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Mercury Tower- Artist-Run Space Opens with a Retrospective

 
Main Image.

2020 - 2021 could be the moment in which artist-run spaces in Ōtautahi rediscovered themselves in the central city, their origins in the High Street Project in 1992, followed by twenty artist-run spaces since, the most recent including the opening of Hot Lunch and The Den, also on High Street.

Mercury Tower is one more unanticipated addition from two alumni of the Elam School of Fine Arts, Jasper Massov and Joshua Freeth.  They are the gallery directors, managers and curators for an artist-run space that opened 22 January at 324 Barbadoes Street, although its first exhibition was held in 1965 in its original location in Barbadoes Street.  Their opening exhibition in 2022, A Retrospective is a survey of sorts of a history of contemporary New Zealand art, including a work by M. T. Woollaston and works by Mercury Tower.

A Retrospective referenced contemporary New Zealand art and Mercury Tower as an artist-run space and the kind of template that such institutions are assumed to represent.  A critique of assumptions about its responsibilities and agendas encompassed such things as young and unknown artists, a temporary venue, its distance from the canon of New Zealand art and the question, could an artist-run space have other agendas?  

Both Massov and Freeth agree that the idea for A Retrospective came from both artists when they were deciding what the first show would be.   Massov recalls:  ‘Artist-run galleries are opening all the time.  For our generation it has become a formula.  Whether it’s Christchurch or Auckland, they open; do essentially the same things for 12-18 months and then close without a whisper. The conventions are established, all you need to do is generate a name and show your friends’ art. The notion of being part of some underground new wave has become such a cliché that in people’s minds it no longer entails doing anything genuinely exploratory. It’s boring.’  

The list of artist’s names for A Retrospective is impressive.  Apart from Woollaston, the gallery handout include: Billy Apple, Simon Denny and Merylyn Tweedie.  Massov comments:  ‘I was talking to an older friend in the art world and one of his concerns with this show was how it capitalises on the cult of personality that exists in the art world.  There’s something I like about that whole phenomenon though.   Art is a very personal enterprise in a very small world that in lots of ways is governed by relationships and reputations. That is the reality whether people like it or not. Those stories often mean more to people than the art works, and it’s not self-evident to me that that is a bad thing.’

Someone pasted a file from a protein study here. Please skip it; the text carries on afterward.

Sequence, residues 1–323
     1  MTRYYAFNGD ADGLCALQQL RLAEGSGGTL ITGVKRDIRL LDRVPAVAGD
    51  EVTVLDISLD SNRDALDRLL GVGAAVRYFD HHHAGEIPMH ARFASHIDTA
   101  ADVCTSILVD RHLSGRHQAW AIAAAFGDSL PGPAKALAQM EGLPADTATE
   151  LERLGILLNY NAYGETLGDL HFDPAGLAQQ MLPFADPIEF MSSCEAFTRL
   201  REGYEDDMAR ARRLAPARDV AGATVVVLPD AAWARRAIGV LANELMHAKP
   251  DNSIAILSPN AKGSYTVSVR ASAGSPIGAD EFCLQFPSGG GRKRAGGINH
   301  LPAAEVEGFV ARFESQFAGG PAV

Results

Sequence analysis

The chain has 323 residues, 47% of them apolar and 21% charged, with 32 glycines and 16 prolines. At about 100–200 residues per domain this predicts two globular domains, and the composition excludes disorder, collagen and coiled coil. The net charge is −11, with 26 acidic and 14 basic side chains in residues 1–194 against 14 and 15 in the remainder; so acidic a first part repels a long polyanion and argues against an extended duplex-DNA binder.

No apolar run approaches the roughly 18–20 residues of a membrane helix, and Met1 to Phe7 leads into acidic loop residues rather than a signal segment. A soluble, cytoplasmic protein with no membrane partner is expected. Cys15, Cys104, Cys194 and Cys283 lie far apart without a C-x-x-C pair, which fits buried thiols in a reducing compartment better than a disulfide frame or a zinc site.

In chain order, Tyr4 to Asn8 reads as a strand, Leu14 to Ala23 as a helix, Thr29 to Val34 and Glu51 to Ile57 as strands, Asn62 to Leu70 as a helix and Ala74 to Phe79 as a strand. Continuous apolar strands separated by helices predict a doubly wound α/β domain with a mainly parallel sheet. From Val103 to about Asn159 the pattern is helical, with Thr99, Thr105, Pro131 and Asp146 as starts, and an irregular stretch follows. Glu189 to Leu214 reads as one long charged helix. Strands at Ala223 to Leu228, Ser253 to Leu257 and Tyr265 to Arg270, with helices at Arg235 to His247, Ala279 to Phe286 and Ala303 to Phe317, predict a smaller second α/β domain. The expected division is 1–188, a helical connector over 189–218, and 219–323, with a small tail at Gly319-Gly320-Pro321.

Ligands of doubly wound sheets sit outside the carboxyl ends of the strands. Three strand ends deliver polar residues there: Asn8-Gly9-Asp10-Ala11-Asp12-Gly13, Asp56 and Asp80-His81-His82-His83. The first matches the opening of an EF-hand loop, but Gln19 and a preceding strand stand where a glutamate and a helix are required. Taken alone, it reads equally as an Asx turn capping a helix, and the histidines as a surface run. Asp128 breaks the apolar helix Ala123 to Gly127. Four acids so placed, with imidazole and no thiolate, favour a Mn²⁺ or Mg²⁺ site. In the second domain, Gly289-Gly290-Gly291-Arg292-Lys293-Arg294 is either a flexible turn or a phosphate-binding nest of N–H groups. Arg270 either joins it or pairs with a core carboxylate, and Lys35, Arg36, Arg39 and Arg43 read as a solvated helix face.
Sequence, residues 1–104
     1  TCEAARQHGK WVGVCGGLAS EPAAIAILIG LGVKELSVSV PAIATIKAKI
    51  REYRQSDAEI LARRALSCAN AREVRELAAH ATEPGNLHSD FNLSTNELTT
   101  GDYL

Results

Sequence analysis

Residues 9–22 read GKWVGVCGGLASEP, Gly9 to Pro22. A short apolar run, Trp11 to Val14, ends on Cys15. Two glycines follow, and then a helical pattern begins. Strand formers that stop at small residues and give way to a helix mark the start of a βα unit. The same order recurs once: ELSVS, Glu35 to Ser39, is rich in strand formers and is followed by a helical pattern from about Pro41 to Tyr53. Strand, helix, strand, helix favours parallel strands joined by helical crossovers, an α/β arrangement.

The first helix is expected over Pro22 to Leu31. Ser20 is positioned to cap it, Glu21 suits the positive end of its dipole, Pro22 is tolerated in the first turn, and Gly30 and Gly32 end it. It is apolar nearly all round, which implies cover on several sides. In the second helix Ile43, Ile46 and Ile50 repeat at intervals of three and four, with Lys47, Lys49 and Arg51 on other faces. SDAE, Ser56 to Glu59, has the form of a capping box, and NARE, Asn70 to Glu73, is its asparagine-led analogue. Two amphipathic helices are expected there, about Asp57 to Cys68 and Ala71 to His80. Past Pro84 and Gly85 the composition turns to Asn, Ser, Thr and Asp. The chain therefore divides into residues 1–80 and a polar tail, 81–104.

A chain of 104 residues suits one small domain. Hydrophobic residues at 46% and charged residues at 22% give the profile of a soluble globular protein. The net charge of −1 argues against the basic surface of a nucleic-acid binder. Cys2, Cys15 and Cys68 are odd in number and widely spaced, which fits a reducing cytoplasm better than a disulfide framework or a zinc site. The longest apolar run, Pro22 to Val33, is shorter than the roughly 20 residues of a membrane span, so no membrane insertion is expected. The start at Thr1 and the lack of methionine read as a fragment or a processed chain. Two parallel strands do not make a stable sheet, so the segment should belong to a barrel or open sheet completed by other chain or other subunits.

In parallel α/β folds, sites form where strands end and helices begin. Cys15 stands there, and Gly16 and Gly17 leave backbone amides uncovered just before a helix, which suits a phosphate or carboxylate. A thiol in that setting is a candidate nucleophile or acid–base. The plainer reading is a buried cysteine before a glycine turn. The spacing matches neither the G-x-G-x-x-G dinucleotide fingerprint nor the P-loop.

Look close at the handout and the list of artists’ names are in italics, with “Mercury Tower” assuming credit for the majority of works, and that complicates the exhibition further.  The appropriation of a painting by one Freeth’s art school tutor’s Peter Robinson is titled, The Prodigal Son Return, Peter Robinson, 1999 and dated 2022.  Freeth remembers his time at Elam.  ‘Peter had a student when I was at Elam who was using symbols in his work, and we had a critique as a group. I knew Peter had used the same symbols and language in his own work, but he seemed to have an issue with this student using them.  Peter was able to skilfully dance on that line of what you can and can’t do, and maybe he wouldn’t have, had he gone to uni in 2015. It’s important for a healthy society that artists are able to do that.’

Yet, A Retrospective is also more than about being merely disruptive. Rather it opens up wider conversations.  Massov comments, ‘the art world is at a point where there are questions that we need to ask about what we’re all doing. It’s stagnating.  One of those questions is how do we relate to the canon, and what kind of art do we allow to be a part of the canon today, and which kinds of artists? I mean are people into where things are at? Are they excited by what’s happening culturally? I don’t think so. And if not, why don’t they do anything about it? Everyone wants to be edgy without being edgy.  And that question extends far beyond the sixty years in which Mercury Tower has existed.’

 

DETAILS

Mercury Tower

324 Barbadoes Street, 

Open by appointment.  Call or text 027 3125822 to arrange
IMAGES

  1. Arter, Simon Denny, 2015, Mercury Tower, 2022
  2. The Prodigal Son Returns, Peter Robinson, 1999,Mercury Tower, 2022

 

Mercury Tower- Artist-Run Space Opens with a Retrospective

 
 
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